Advice to management has been based on the analytical model used (NMFS, 2013), with reference points and projections which capture some or a good portion of the scientific uncertainty. Additionally advice is also given on how to parse the quotas among recognized discreet spawning sub-units, which is used to limit the risk of localized depletion of these smaller units.

Reference Points

Last updated on 23 Feb 2016

Reference points are calculated within the model structure for continuity.MSY based reference points are used to manage this stock and in setting quotas. These updated reference points in the latest assessment account for increased natural mortality as a result of predation and so account for herrings role as a forage stock in this ecosystem.

CURRENT STATUS

Last updated on 23 February 2016

Current stock biomass is at a historical high.Exploitation is withing limits and the stock seems to overall be doing well(NMFS, 2013).

Trends

Last updated on 23 Feb 2016

Over the past few decades the biomass has rebuilt following the collapse of this stock due to over exploitation. Currently biomass has has recently declined steadily, but within the last year has dramatically rebounded due to high recruitment.This recruitment even is uncertain, and if not as high as currently though will have management impacts during the next assessment/management cycle (NMFS, 2013).

2.MANAGEMENT QUALITY

MANAGEMENT

Last updated on 23 February 2016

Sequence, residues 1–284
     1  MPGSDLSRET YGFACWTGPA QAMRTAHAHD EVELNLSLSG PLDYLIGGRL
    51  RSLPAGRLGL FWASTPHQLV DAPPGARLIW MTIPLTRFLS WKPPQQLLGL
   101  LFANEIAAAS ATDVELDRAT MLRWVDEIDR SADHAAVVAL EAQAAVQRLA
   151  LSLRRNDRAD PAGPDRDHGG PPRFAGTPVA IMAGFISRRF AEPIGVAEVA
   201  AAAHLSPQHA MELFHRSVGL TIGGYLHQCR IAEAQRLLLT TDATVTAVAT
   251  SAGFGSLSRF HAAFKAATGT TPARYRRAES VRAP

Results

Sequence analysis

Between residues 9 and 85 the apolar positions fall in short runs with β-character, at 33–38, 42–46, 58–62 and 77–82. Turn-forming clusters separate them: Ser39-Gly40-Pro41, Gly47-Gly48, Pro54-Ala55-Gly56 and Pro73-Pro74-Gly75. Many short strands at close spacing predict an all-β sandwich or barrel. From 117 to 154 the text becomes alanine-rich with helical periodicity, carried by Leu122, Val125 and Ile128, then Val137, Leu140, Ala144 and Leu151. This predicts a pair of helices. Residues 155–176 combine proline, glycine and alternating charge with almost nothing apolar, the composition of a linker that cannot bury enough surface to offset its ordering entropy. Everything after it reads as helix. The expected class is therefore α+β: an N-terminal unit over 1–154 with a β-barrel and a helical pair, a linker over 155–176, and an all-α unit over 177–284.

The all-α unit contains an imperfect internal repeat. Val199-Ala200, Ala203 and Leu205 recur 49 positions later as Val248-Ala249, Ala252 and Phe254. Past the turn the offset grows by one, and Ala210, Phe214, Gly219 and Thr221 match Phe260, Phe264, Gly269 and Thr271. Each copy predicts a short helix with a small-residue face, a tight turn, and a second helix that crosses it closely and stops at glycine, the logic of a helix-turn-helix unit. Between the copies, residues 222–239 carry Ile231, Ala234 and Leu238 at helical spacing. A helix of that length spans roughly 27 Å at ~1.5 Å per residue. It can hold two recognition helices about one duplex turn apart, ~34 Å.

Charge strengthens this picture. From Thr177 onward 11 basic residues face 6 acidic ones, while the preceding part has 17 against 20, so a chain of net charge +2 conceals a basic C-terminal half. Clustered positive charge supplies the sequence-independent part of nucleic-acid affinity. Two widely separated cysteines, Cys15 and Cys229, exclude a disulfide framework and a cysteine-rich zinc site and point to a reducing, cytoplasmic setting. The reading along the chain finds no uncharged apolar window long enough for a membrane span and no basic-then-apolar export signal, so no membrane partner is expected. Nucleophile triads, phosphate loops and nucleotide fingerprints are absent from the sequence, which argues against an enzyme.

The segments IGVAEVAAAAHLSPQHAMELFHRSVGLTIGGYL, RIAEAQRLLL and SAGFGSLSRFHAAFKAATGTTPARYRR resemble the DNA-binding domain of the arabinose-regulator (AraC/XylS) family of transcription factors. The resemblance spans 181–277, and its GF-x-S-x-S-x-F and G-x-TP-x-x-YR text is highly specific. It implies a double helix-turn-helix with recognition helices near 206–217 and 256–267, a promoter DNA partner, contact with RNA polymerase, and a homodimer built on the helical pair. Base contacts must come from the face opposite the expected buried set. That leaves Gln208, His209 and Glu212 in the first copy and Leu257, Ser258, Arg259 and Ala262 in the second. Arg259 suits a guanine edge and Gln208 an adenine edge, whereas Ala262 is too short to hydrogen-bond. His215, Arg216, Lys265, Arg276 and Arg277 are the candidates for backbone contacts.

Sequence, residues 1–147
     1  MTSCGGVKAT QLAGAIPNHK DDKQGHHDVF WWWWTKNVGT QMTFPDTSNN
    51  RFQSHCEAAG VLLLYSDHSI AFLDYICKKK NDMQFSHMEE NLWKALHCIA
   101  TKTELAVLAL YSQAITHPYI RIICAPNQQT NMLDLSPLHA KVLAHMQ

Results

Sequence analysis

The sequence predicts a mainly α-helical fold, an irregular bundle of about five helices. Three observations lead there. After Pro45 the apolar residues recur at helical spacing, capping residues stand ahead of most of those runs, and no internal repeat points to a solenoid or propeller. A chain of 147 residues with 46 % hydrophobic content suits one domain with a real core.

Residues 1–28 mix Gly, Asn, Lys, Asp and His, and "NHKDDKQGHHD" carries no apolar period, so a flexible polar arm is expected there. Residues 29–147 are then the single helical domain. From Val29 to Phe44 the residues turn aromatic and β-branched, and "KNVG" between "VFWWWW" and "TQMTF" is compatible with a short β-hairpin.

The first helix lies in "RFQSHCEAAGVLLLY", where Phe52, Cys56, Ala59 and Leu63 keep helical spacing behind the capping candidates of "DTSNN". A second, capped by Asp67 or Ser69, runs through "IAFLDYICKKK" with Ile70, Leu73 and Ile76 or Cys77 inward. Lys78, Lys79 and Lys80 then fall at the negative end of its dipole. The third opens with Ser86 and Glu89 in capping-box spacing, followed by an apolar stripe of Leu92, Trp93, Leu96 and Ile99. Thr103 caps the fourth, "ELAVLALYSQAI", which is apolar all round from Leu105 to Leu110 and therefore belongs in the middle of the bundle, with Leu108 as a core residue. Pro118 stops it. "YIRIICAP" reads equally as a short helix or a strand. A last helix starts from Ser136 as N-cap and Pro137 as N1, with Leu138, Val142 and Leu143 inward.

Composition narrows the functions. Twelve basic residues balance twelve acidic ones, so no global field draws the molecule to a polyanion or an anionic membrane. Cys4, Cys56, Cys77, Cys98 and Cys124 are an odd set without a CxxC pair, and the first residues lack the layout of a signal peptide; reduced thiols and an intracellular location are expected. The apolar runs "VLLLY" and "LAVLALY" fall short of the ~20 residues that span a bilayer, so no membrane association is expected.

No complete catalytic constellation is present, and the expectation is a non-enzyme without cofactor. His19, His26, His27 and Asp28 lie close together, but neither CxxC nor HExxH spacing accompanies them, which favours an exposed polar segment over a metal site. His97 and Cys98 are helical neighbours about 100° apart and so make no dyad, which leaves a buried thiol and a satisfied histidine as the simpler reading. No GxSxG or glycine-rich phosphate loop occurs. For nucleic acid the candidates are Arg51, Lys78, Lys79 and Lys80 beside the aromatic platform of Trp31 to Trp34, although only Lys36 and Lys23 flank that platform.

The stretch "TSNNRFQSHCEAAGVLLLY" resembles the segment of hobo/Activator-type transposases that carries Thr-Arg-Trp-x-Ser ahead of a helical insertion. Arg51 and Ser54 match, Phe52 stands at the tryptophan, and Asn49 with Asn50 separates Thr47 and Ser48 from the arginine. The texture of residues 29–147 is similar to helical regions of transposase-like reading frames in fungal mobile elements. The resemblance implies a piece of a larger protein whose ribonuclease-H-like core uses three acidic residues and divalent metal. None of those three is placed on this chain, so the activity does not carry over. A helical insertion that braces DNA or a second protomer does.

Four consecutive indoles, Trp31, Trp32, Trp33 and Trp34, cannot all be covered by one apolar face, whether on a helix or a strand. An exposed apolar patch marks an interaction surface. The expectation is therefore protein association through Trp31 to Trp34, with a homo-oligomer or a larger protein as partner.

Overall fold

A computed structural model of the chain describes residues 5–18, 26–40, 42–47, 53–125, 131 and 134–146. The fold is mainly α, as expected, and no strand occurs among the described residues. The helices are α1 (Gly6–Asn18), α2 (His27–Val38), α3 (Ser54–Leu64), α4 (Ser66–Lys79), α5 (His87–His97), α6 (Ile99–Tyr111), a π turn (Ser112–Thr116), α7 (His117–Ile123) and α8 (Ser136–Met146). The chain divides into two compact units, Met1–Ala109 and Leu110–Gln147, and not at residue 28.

Managers set precautionary quotas by area and seasons. Also a portion of the stock is harvested by the Canadian New Brunswick weir fishery. As such those removals are also accounted for in quota setting by assuming the most recent average catch.There is currently no formal agreement in place between the US and Canada however. So overages by that fishery are not easily reconciled within the year.

Recovery Plans

Last updated on 23 Feb 2016

Not applicable.

COMPLIANCE

Last updated on 23 February 2016

Compliance by fishers appears to be strong, based on available information. Vessels must electronically report trip level information daily. A Satellite based vessel monitoring system is in place.Dealer and harvester reports are cross-checked routinely.And both dock side and at-sea observations of the catch and bycatch are high.

3.ENVIRONMENT AND BIODIVERSITY

BYCATCH
ETP Species

Last updated on 23 February 2016

Numerous species of protected and/or endangered speciescan be found in the areas where the herring fishery occurs: 15 species of cetaceans, 4 species of sea turtles; 2 species of fish (Shortnose sturgeon and Atlantic salmon); and 4 species of pinnipeds. Among these, several species of cetaceans, pinnipeds and sea turtles are known or suspected to interacting and potentially be affected by the herring fishery. The species described as most affected by the mid-water trawl or purse seine directed herring fisheries are Long-finned pilot whale, Short-finned pilot whale, Minke whale, White-sided dolphin, Bottlenosed dolphin, Common dolphin, Risso’s dolphin, White-sided dolphin, Harbor Seal, gray seal and Harbor porpoise. Most species are more vulnerable to mid-water trawling; although reported numbers of incidental catches were of less than 10 per year, between 2006 and 2009 (NEFMC, 2010).

Several actions to mitigate the impact of the herring fishery on protected species are in place, and most are being implemented under the Atlantic Trawl Gear Take Reduction Strategy (ATGTRS) for the Northeast Region (NEFMC, 2010).